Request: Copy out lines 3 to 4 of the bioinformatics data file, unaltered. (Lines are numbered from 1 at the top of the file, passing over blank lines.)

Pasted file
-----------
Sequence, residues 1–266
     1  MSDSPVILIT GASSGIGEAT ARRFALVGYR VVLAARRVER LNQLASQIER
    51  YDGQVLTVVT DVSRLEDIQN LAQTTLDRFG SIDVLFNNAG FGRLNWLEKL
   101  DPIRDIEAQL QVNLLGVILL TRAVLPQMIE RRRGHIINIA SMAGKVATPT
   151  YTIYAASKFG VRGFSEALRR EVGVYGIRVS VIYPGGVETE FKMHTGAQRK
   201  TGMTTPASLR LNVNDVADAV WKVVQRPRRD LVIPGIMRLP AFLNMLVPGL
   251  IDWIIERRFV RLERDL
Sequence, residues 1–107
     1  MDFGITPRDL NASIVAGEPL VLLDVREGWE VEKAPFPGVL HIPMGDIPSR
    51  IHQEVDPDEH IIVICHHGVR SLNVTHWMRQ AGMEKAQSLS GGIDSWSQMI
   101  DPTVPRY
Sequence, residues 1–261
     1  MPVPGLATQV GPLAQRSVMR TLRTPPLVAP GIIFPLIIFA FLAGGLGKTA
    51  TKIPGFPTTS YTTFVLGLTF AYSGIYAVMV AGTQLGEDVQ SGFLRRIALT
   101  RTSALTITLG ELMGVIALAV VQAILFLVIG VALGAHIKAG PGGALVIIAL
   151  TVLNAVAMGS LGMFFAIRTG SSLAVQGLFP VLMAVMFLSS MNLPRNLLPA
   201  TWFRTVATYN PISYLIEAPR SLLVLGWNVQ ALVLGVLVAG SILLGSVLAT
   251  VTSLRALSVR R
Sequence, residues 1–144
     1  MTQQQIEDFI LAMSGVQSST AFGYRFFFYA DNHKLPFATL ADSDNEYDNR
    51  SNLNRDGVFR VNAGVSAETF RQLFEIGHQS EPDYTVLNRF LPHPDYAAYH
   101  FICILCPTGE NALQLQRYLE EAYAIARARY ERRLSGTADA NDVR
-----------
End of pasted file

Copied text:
    51  YDGQVLTVVT DVSRLEDIQN LAQTTLDRFG SIDVLFNNAG FGRLNWLEKL
   101  DPIRDIEAQL QVNLLGVILL TRAVLPQMIE RRRGHIINIA SMAGKVATPT